Subject: I have found a DVD that I think you would enjoy
|What a Blast Architecture in Motion|
Genres: Music Video & Concerts, Special Interests, Documentary
Watching things get blown up provides a certain adrenaline-rushed thrill, and What a Blast: Architecture in Motion provides that thrill, many times over. This exploration of the demolition industry also offers a bit of ... more »
Explosive demolitions to music: nothing more
Steve Benner | Lancaster, UK | 09/10/2000
(3 out of 5 stars)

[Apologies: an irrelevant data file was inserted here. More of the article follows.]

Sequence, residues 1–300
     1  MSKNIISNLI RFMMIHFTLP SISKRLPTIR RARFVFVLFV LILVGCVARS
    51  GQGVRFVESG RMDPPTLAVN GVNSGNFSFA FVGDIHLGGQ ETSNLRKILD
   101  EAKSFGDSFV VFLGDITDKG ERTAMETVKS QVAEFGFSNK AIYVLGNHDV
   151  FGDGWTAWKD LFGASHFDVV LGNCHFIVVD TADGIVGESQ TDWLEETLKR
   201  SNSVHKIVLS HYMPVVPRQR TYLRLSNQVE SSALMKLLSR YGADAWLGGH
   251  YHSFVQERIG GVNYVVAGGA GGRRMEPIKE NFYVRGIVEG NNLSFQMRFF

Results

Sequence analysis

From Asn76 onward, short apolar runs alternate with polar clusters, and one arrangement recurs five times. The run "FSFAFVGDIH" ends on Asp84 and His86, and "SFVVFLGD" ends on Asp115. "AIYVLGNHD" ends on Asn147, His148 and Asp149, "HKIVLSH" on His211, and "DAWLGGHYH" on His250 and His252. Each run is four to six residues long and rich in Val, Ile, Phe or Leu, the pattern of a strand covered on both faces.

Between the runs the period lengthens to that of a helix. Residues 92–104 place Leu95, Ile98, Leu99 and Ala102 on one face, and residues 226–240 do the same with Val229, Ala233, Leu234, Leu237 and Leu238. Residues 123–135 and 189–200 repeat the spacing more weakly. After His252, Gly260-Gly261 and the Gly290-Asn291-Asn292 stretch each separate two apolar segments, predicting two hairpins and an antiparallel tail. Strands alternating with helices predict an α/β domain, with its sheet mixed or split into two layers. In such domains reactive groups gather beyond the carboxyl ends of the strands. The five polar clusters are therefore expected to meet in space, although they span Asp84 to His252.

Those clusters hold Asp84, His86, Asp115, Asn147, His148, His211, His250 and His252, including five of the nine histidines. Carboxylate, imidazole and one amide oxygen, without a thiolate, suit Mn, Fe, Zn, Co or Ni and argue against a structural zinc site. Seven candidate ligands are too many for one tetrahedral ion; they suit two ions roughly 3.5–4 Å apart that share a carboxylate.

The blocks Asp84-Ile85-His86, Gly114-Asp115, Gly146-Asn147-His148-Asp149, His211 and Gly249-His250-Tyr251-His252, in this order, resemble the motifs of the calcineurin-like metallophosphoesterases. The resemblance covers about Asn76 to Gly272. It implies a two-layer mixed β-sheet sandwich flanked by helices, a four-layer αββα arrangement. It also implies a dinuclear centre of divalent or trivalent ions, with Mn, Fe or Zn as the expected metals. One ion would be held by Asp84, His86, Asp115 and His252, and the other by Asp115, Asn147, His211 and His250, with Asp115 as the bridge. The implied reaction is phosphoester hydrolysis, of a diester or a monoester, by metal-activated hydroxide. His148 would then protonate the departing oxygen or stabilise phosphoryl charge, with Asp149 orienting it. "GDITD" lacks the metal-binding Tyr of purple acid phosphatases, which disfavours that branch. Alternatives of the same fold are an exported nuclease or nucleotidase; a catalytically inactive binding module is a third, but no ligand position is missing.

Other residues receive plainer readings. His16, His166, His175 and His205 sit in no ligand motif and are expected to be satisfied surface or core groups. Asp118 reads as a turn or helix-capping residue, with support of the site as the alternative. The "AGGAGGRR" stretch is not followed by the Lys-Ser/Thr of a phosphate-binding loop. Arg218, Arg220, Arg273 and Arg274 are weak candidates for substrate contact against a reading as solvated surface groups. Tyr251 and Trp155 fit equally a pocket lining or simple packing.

"Let's get one thing straight from the outset: this is not so much a study of explosive demolition gangs at work, as a series of music videos using explosive demolition coverage as the source of the images. The original films have been processed - sometimes lightly, sometimes beyond recognition - as well as cut, looped, spliced and generally reordered to make it fit 7 musical soundtracks of electronic synthesiser music by the German band, Tangerine Dream, not the other way around! And while there are the occasional comments from the demolition experts, these are sampled and woven into the musical fabric more than they are used to construct anything of a documentary nature. The result is seven short video essays celebrating the visual appeal of man-made structures collapsing into heaps of rubble. Whether or not this is the kind of things that appeals to you - and there is no denying that there is a certain kind of fascination in such spectacles for most people - I suspect that most viewers will feel that they're in danger of O-D'ing somewhere along the line here. Many of the same demolition events feature over and over - almost ad nauseam in some cases - and I for one had certainly had enough of it by the end. Some brief respite is offered by the central track, `Beauty of the Blast', through its extensive use of kaleidoscopic (and other) video processing to produce purely abstract imagery the source for which is often hard to discern. Some of these images are really quite stunning and even fairly well cued to the music! Ultimately, though, the whole enterprise comes across as rather shallow. Most of the tracks are an endless series of climaxes bereft of foreplay, of events out of context, of spectacle separated from the source of its own particular artistry.As a series of music videos, the disc works a little bit better than Tangerine Dream's American Southwest releases ("Canyon Dreams" and "Oasis") - and way better than their "Video Dream Mixes". I suspect that this is largely because essential environmental sounds have been retained, so that there is far less dislocation between video and audio components as occurs on these others. Nevertheless, the disjointed and repetitive video footage here is difficult to watch for long (or repeatedly) except as a distraction when there's something really unpleasant you're putting off doing! Having said that, I would recommend watching the tracks in order and not availing yourself of the random play feature that the disc offers: it all works better if watched in order. (If you're watching in a widescreen TV, watch out for the track called "Dream Sculpture" - it is in widescreen format, but has a tendancy to switch the TV into different aspect ratios during play on my set!)This DVD also incorporates 6 short films dedicated to particular explosive demolitions. These contain nothing that isn't already used to excess throughout the main music videos so don't really contribute to the package in any way.Bearing in mind that the music (available separately, by the way - and see my review of the CD for a warning or two about that!) remains paramount to this release, I'd say that this DVD was for TD-completists only. Or else for anyone absolutely addicted to the sight of buildings, bridges or agricultural structures toppling into ruin. If you're in the former category, buy now! If you're of the latter persuasion, however, you might be more interested in the alternative bumper bundle "What a Blast" collection, rather than this! ...."